Our dream golf tournament may have to wait, but our celebration doesn’t have to! There’s gonna be a party in Dallas on April 30, with great music and great friends for a great cause. If you come, look for me. I’ll be the one dancing with Jacob in the aisles.
(Thanks so much for spreading this letter far and wide. Read an update and invitation here!)
I should probably confess right out of the gate that I’m not really a golf aficionado. I’ve never played the game (except the miniature version, and that poorly), and I only watch it on TV because my sweet, 85-year-old daddy loves it, and I love him.
To my untrained eye, golf consists of men in colorful pants whacking small white balls with long metal sticks, vying to see who can plunk their ball in a series of holes using the fewest number of whacks. All the while, a team of volume-challenged commentators share their analysis of the whole process in the sort of hushed tones one might use if a baby were sleeping nearby. Go, team!
I admit I don’t know much about golf, but there are a few things I do know. I know it requires finely tuned physical skills, extreme precision in both strategy and execution, and the mental calmness and acuity of a Jedi master.
I also know that you are an exceptionally good golfer. Anyone who has given the sport even a passing glance lately knows that. But that’s not what interests me most about you.
I may not be a golf aficionado, but I’m intensely interested in what makes people tick. I’m fascinated by human nature and character development and the fact that some people make this world more beautiful by the way they engage with their fellow men, while others seem only interested in achieving their own ends at any expense.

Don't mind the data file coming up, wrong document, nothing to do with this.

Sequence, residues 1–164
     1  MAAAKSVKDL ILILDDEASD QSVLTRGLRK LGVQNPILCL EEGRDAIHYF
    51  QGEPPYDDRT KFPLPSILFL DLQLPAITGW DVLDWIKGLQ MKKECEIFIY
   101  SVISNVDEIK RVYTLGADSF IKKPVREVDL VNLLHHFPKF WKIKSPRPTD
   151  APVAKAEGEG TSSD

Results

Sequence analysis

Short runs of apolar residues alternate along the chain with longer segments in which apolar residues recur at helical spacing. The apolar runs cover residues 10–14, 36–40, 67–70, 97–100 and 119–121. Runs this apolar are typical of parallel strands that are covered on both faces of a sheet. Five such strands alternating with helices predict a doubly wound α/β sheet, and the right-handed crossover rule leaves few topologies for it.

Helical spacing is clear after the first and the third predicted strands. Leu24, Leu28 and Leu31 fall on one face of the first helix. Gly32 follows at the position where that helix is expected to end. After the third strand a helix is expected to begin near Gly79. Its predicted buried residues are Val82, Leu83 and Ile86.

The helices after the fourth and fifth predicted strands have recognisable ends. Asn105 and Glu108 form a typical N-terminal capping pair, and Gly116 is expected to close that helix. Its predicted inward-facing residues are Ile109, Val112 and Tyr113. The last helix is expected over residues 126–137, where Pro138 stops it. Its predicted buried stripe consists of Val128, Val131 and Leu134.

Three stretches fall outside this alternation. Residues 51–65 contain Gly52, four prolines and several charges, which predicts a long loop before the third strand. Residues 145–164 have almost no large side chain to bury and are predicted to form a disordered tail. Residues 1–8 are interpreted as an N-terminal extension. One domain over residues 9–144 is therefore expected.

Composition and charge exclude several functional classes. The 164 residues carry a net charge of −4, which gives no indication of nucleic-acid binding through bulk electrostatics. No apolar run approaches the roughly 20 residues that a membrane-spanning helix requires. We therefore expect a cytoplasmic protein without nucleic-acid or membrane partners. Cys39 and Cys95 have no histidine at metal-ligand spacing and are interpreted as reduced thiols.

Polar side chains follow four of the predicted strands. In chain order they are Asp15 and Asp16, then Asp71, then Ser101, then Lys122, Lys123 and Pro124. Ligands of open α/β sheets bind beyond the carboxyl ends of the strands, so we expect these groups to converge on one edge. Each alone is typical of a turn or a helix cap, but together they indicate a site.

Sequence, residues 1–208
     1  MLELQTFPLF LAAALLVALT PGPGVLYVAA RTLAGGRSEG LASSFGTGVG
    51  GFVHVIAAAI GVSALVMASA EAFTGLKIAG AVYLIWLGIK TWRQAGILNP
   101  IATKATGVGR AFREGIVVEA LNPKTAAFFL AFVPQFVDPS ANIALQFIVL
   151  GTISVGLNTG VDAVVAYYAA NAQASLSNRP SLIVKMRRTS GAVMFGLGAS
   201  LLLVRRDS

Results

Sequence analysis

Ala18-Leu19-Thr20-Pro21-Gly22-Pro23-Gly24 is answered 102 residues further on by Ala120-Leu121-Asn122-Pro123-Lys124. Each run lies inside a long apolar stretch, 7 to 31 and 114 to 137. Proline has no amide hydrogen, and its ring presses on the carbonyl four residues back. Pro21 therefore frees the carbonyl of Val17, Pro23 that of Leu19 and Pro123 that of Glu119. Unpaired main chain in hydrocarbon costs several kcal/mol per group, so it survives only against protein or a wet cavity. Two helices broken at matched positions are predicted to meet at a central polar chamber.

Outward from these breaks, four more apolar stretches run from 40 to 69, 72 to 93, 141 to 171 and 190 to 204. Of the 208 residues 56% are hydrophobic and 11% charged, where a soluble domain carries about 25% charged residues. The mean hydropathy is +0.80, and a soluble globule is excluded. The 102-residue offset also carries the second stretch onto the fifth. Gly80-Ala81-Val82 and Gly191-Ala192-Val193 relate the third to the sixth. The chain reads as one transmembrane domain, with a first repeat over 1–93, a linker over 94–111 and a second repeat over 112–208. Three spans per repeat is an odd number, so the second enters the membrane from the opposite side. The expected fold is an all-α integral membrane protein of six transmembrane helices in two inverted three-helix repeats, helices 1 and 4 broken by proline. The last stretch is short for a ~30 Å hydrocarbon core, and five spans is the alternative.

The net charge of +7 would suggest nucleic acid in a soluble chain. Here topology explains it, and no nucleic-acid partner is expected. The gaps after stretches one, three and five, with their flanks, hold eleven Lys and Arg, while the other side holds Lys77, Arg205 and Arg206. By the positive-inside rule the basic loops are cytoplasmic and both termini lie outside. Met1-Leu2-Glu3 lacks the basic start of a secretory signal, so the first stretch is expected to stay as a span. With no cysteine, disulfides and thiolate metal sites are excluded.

So, whenever the announcers whisper about you, I listen. And I love it when they puzzle over your maturity — how nothing seems to rattle you, and how your interview answers are uniformly gracious and unassuming. They obviously admire you, but in some ways, you’re a mystery to them.
It makes me smile. Because I think I understand at least part of the reason behind that mystery.
I think it’s your sister, Ellie.
Jordan and Ellie Spieth
You see, Jordan, I have a son with special needs. His name is Jacob. And though plenty of people will tell us that Ellie and Jacob contribute nothing to society, we know better.
We know that people with special needs serve immensely important purposes. They are our best teachers of compassion, models of unflinching loyalty, and overcomers of countless challenges, often without complaint. Their joy is infectious, and their gratitude abundant, even for the simplest gifts. They love unconditionally, and they inspire us to do the same. And they ground us in what matters most.
I believe your secret is that you know life ultimately doesn’t revolve around you, or golf, or how you rank against anyone else.
Oh sure, you take your sport seriously, and obviously you work very hard to be your very best. But at the end of the day, your fans aren’t the ones hugging you and gazing at you with adoring eyes, whether you won or lost.
Chicken hats? You are more awesome than I realized.
Jordan, Ellie, and Steven Spieth
So, why am I writing this letter to you?
I’m glad you asked. Because I have a dream. You and I are from the same home town, and there are some people here I’d love for you and Ellie to know.
Young Life Capernaum is a ministry that serves teens and young adults with special needs. It’s an international organization, but each local branch is responsible for its own club meetings, outreaches, and fund raising.
I serve on a committee that meets monthly to discuss the club’s needs, and as we’ve been looking for ways to spread the word about what we do, I’ve been dreaming big.
Dallas is an affluent city with lots of beautiful, generous souls living in it, but most of them don’t even know Young Life Capernaum exists. What if we were to host a golf tournament, inviting local golfers to form teams, play some golf, and then attend a reception where someone who’s really, really well known and respected in the golf world (hint: this would be you) would also be present? Do you have any idea how many people in this area would LOVE to pay a small entrance fee benefiting a worthy organization for the chance to have fun and hobnob with the world’s number one golfer? (hint: a lot)